Wednesday, August 26, 2009



I have never seen so many ice bergs in my life. Hundreds and thousands of them of all shapes and sizes. We are sailing through an iceberg field - as deadly if not more than a mine field. One wrong turn and the ship could be history. Remember Titanic! That is why perhaps there is pin drop silence as the Captain of Arctic Sunrise Pete Willcox and the Ice Pilot Arna Swerensen concentrate on negotiate the menacing icebergs. One eighth of the iceberg is outside water, looking serene and lovely. But it is the other seven parts under water that worries sailors and captains alike. Ice harder than iron can rip through the ship's underbelly. Even though the Arctic Sunrise is an ice breaker, the captain takes her forward gently.

The ship tears through a thin sheet of ice moving forward. There are no waves in the fjord and a thin layer of ice has formed overnight. It is transparent and deep blue. The actic wind is icy and dry. I am on the bow of the ship admiring different ice bergs. But this beauty is lost on scientists. Dr Ruth Curry, Senior research specialist and Dr Fiamma Straneo, associate scientist at the Woods Hole Oceanography Institute, Massachusetts are busy trying to find out if warmer waters from sub tropical seas is creeping up the fjords and reaching the Arctic Greenlandic glaciers. Their team had left some instruments in these waters last year. The instruments measure conductivity and temperature at different depths. At the crack of dawn the ship comes to a halt. A boat is lowered. Along with the scientists I too am on the boat.

But before we disembark we change into bright orange skin hugging rubber dry suits. God forbid if the boat capsizes the icy arctic waters will kill us within seconds. The rubber dry suits will help us live Godwilling till help arrives. You slip into the orange suits, zip up till the neck. no water no ice can seep in. This is mandatory as per shipping rules. Same applies to you when you fly in a helicopter over water.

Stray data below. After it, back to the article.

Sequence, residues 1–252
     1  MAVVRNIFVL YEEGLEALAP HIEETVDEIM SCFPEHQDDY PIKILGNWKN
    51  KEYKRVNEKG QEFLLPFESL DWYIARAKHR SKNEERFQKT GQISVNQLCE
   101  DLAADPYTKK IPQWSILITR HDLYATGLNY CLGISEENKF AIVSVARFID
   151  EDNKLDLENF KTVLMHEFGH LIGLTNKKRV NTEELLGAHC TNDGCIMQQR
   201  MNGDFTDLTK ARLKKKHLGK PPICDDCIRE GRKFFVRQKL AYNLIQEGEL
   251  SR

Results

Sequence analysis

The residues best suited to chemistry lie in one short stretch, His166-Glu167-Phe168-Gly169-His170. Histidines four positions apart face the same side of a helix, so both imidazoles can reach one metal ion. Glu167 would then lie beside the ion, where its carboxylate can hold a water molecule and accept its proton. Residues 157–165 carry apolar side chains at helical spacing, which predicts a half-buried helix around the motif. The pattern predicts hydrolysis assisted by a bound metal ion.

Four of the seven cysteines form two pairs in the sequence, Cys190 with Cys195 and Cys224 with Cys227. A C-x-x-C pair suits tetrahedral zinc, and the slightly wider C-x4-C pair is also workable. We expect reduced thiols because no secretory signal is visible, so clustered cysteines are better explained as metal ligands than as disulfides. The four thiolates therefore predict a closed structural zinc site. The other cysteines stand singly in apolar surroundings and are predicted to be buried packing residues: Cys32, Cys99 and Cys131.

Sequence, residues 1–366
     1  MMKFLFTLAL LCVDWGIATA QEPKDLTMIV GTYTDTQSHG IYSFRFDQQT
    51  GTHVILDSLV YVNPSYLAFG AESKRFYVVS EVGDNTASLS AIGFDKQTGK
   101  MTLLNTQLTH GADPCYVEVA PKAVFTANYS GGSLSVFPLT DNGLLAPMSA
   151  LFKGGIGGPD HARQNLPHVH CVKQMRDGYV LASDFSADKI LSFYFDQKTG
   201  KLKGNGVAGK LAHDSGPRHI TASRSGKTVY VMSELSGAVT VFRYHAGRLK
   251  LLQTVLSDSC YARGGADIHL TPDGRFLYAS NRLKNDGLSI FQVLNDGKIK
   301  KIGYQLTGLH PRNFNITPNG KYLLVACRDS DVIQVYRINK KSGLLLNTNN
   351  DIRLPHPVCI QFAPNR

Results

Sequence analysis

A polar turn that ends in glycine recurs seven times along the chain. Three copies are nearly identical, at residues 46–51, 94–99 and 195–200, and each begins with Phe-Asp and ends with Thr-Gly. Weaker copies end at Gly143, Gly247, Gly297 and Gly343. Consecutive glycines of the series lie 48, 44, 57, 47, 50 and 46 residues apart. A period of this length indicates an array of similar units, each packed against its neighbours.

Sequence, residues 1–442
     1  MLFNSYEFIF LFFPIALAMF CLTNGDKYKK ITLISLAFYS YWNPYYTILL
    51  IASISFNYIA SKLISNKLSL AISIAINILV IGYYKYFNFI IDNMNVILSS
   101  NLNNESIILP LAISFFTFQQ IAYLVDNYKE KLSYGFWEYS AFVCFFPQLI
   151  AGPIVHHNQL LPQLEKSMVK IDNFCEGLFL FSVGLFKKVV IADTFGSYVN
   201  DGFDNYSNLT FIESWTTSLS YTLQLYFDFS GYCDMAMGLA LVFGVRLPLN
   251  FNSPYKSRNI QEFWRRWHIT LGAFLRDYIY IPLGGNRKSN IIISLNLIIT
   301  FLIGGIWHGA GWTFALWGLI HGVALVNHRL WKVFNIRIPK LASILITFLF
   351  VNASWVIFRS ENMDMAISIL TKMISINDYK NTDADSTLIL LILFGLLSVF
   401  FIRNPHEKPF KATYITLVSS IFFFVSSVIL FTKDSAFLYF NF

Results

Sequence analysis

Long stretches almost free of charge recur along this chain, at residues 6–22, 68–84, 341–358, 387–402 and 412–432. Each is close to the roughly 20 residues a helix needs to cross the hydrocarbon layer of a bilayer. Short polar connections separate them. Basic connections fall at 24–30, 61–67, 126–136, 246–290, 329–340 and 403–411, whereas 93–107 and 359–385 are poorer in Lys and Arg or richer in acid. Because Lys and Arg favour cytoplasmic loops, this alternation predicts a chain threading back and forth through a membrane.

The scientists use a GPS device to look for the place where they had dropped the instruments. We spend an hour in those icy waters. In the little motor boat, the water is close enough to touch. But I prefer not to take off my gloves. Despite wearing two pairs of woolen socks, thermal inner wear and arctic jacket I am cold. The ice bergs turn different hues of blue with the changing sun light. The acoustic signal from the under water device is not heard on the receiver in the boat. The area where the GPS device indicates the instruments should be is wrong. The device could have moved some distance due to the waves or ice bergs. The instruments could be buried under ice. With each passing minute the disappointment increases and suddenly behind one ice berg three large orange colored plastic balls are sighted. There is a wave of euphoria. We clap and speed up towards the under water instruments.

For the scientists it is a very happy moment. Something like child birth. New data that will help them understand climate change patterns better. Perhaps. It is too early to say. One year under water the instrument is caked in ice. It has been recording salinity and temperature at 50 metres under water every half hour for the past one year. The other device is not found despite another one hour spent in the icy waters. That was 200 metres under water.

We return to the Arctic Sunrise. There is a lot of clapping and back slapping. The scientists are excited. They will spend the next couple of weeks studying and analyzing the data. But their initial findings indicate below the surface there is warm water. Up to 6 degrees Celsius and it appears to have reached the Arctic glaciers..

I return to the deck. The ship has just scraped past an ice berg. Chunks of ice are on the deck. They are rock solid. We wash the snow. It glints in the sunlight. We leave it on the deck and several hours later, it is just the same. It has not melted a bit. The sun is shining far...far away. It is still early day. The scientists now get back to the second part of their task. Using a special winch they drop more instruments under water. They also collect samples of water at different depths.

Moments later I break off and head to the galley (kitchen). There is an Indian connection here. More on that another day.

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